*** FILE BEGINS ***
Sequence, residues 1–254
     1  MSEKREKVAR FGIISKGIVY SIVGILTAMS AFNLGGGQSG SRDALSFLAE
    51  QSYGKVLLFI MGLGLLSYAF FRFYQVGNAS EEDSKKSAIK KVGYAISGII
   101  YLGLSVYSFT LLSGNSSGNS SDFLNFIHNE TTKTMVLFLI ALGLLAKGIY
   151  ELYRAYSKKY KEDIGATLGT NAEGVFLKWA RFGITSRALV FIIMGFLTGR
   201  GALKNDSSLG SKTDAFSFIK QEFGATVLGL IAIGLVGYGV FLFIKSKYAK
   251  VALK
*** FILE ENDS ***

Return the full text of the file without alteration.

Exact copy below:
Sequence, residues 1–254
     1  MSEKREKVAR FGIISKGIVY SIVGILTAMS AFNLGGGQSG SRDALSFLAE
    51  QSYGKVLLFI MGLGLLSYAF FRFYQVGNAS EEDSKKSAIK KVGYAISGII
   101  YLGLSVYSFT LLSGNSSGNS SDFLNFIHNE TTKTMVLFLI ALGLLAKGIY
   151  ELYRAYSKKY KEDIGATLGT NAEGVFLKWA RFGITSRALV FIIMGFLTGR
   201  GALKNDSSLG SKTDAFSFIK QEFGATVLGL IAIGLVGYGV FLFIKSKYAK
   251  VALK